Selecting Hardware

Selecting hardware for online and offline projects involves many factors, including budget, convenience, and flexibility. When you make any choices about hardware, take into account the other components in the system to avoid conflicts. A helpful reseller can make the difference between a smooth and rough first day, so choose your supplier based not only on price but also support and experience.


Selecting your computer setup is relatively straightforward. Basically, when it comes to speed and RAM, the more you have, the greater the power and flexibility. Final Cut Pro is amazingly flexible, and it can run on a variety of CPU and laptop configurations. You can find the current minimum system requirements for Final Cut Pro on the Apple Web site ( However, if you want an optimal system, you must go beyond the minimum requirements. Generally the computer equation depends on your needs: project size + media codec + media storage + additional components + portability + budget = correct choice.

For the offline workflow of The Magic Hour project, the media codec was within the low data rate range, the storage requirements were modest (under a terabyte), it did not require capture cards, and it involved editing while traveling. The decision: laptop.

Project Size and Capture Codec

Workflow Type

Computer Options

Short or small section of long project; low data rates and bandwidth


PowerBook G4[*]
Power Mac G4 w/min.
FCP setup
Power Mac G5 w/min.
FCP setup

Mid-length; low data rates and bandwidth


Power Mac G5 w/min setup

Large; low to medium data rates and bandwidth

Offline and some online projects

Power Mac G5[**] w/extra RAM

Large; high data rates and bandwidth

Offline and any online project

Power Mac G5 w/Fibre and video cards and extra RAM

[*] A laptop offers no expandability, but it allows portability.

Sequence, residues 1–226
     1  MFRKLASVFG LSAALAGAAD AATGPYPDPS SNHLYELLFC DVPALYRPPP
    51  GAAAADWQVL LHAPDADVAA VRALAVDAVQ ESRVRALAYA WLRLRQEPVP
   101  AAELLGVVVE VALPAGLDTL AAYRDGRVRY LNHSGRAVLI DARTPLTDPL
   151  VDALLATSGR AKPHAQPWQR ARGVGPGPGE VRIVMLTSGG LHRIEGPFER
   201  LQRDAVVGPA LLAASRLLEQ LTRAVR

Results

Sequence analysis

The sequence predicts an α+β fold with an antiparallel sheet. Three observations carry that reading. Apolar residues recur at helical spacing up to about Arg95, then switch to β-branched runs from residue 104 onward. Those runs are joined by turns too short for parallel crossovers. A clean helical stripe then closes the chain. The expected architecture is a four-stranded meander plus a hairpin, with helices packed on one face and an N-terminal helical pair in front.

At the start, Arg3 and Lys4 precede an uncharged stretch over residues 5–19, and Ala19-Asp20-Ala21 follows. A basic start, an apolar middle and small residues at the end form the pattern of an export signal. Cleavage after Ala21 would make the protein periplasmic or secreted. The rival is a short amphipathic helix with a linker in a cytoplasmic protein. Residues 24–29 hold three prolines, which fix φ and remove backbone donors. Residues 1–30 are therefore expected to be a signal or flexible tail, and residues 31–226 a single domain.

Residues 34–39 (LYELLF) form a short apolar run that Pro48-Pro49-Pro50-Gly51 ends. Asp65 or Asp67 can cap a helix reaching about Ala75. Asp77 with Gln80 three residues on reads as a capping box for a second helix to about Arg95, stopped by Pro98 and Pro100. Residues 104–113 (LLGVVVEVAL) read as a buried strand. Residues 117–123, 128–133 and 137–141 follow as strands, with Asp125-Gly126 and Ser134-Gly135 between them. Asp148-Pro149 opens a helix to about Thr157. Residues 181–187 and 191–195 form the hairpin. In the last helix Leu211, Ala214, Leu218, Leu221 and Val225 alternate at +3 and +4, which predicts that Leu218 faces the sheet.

[**] The G5 can be expanded with additional drives, external FireWire, RAID, and SAN.

  • Laptop Laptops are great for field editing and mobile presentations. And they can be fantastic for more than just mobile editing stations. When they're not on the road, the post-production team can utilize a laptop for everything from creating graphics and titles to logging and organizing. As a stand-alone system, a small project can often work well on a laptop, but the scalability is limited. Laptops provide tremendous portability but may not provide enough options for every project.

  • Desktop Desktop machines are the workhorse machines for Final Cut Pro. With a desktop machine, you can increase your edit suite options and upgrade internal components as your project requirements grow. Generally, desktop machines are more powerful and expandable than laptops although not nearly as portable.

If you're working on a small offline workflow project with a tight budget, a single desktop computer with minimum Final Cut Pro requirements is the way to go. If you're working on a large project, beginning with an offline workflow and finishing with an online resolution, a higher-end system will be the best option. An offline workflow project that requires a team of editors working on individual components of a larger project might consider multiple Power Mac G5s with extra RAM. If the same team of editors needed simultaneous access to their media, they could install the necessary cards and components to run Xsan.

Apple offers many configurations. Because you can interchange hardware components, like upgrading the video card, increasing the factory installed RAM, and installing Fibre cards, in many ways your decision boils down to how much computer horsepower you need for a given set of project parameters. Keep in mind that more is better when it comes to computer systems, so always aim for a little more power than you anticipate needing.

Selecting a Picture and Sound I/O Device

Adding a video card to your system will provide additional video horsepower within Final Cut Pro and let you connect to external devices such as monitors, tape decks, and serial control cables. Generally, the input/output (I/O) device, whether external or internal, is dictated by your project workflow and deck interface. Offline workflows will often use external I/O devices connecting via a basic FireWire device and capturing lower data rates; online workflows regularly use internal video cards that enable the capture of uncompressed 8-bit and 10-bit SD and HD through a professional deck. An exception to the external I/O for offline and internal I/O for online norm is AJA's ( I/O FireWire interfaces, which allow online workflow projects the option of capturing D1 10-bit uncompressed video without the need for an internal video card.

For offline workflows or simple projects with straightforward capture and common effects, an external I/O device is usually ample. However, if your project is using an online workflow, and you plan to use a large number of effects, consider a powerful internal card to make your render times shorter.